In an attempt to update the process, the university met with information technology staff at the University of North Carolina General Administration Office in 2009 to begin development of an automated proctoring system. In fall 2010, the system was put into production on one UNC campus. It is currently being used on six campuses.

The network standardizes and streamlines the proctoring process for instructors, students, and proctors. While some universities in the US have made approved proctor lists available to students and others have internal proctoring systems, the University of North Carolina system is the only one that offers this level of automation to all its campuses. The network is, in essence, a “one-stop” process for all. Instructors add exams; students register with a proctor; the proctor accesses the exam materials. The network filters available proctors based on student location, exam type, length, and time window. The network allows students to auto-schedule exams with proctors who use all the features of the system, taking the onus off students.

A recently added feature of the system is the use of electronic, real-time proctors. E-proctors enable students enrolled in UNC Online courses to complete their exams from any location they choose. The only requirements include a computer, a reliable Internet connection, and a web camera and microphone. This helps working adults in particular as they juggle career, family, and education.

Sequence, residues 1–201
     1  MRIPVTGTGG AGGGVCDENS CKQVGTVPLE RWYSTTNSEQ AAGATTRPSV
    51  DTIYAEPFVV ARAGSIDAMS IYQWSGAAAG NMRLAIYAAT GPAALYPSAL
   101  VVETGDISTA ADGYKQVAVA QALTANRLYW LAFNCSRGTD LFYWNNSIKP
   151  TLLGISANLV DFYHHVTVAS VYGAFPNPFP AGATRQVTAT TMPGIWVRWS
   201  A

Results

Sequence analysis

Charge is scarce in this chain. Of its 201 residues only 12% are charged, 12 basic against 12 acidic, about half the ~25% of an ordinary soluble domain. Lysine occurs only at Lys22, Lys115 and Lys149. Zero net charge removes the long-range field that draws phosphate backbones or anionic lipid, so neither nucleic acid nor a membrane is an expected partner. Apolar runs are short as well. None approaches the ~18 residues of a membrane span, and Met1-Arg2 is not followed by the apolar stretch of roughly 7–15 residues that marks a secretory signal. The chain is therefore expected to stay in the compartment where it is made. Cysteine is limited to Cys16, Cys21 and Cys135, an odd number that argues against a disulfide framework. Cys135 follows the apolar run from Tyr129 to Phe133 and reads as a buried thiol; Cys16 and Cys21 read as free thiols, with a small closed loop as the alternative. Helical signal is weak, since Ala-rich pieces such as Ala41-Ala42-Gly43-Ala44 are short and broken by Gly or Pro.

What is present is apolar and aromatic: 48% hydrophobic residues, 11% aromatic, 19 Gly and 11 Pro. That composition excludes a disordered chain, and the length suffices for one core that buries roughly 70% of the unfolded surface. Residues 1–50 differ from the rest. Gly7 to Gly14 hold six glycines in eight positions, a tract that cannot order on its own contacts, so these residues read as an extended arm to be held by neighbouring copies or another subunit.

Since fall 2010, the system has processed nearly 6000 exams. More than 700 approved proctors are available. These proctors come from more than 40 states as well as 20 countries, including Israel and Venezuela. While scheduling exams is limited to students at UNC institutions, anyone can use the system to search for a nearby proctor.

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Readers Comments

Patricia Bowman 2012/12/12 at 10:49 am

Academic integrity is certainly a major concern with online learning. In addition to a proctoring system such as the one described here, integrity can and should also be safeguarded by the instructor, their teaching style, and their course and assignment design. Choices can be made when designing assignments and evaluations to minimize the risk of cheating, and in a class, an instructor can work to cultivate an environment of integrity, trust, fairness. Set up your students for success by designing courses with this in mind.

Otto Greiss 2012/12/13 at 6:32 am

There is of course a risk of cheating online, and some would argue that it is a greater risk than in a face-to-face class; sure, there are perhaps more avenues for cheating online, including issues with student authentication and test supervision. But the most widespread form of cheating, I believe, is still plagiarism, and that is no easier online than it is face-to-face. Proctoring is of course very useful, but if we are addressing academic integrity, plagarism deserves some attention to, and we can’t forget that cheating doesn’t just happen online– it happens face-to-face too.